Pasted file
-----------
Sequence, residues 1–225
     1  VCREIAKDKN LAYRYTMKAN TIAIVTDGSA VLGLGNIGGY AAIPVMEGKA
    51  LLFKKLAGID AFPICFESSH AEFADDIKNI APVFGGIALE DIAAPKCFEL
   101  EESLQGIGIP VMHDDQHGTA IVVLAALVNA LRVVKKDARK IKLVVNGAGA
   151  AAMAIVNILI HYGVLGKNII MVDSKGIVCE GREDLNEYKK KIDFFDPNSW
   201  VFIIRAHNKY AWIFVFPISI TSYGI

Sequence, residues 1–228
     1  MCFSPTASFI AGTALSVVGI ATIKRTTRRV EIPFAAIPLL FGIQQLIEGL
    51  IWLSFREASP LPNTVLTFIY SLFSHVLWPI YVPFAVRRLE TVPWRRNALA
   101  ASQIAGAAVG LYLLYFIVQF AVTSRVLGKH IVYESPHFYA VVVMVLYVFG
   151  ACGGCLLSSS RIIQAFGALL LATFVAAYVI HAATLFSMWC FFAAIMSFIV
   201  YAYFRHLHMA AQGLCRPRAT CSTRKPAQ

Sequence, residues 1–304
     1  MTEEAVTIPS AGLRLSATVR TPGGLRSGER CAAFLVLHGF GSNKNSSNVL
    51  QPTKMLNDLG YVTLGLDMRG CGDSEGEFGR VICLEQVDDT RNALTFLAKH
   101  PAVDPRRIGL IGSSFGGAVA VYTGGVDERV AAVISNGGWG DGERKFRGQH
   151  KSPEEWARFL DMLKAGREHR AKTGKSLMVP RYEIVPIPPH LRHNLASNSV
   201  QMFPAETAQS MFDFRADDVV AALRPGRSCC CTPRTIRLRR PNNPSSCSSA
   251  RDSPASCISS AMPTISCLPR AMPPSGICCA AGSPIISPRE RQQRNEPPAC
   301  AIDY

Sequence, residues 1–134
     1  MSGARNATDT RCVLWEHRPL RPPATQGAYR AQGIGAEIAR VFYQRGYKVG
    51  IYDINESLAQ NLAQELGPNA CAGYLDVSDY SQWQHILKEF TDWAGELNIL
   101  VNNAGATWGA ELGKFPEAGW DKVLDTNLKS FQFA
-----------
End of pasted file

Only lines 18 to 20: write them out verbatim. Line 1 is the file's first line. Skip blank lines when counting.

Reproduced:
   201  QMFPAETAQS MFDFRADDVV AALRPGRSCC CTPRTIRLRR PNNPSSCSSA
   251  RDSPASCISS AMPTISCLPR AMPPSGICCA AGSPIISPRE RQQRNEPPAC
   301  AIDY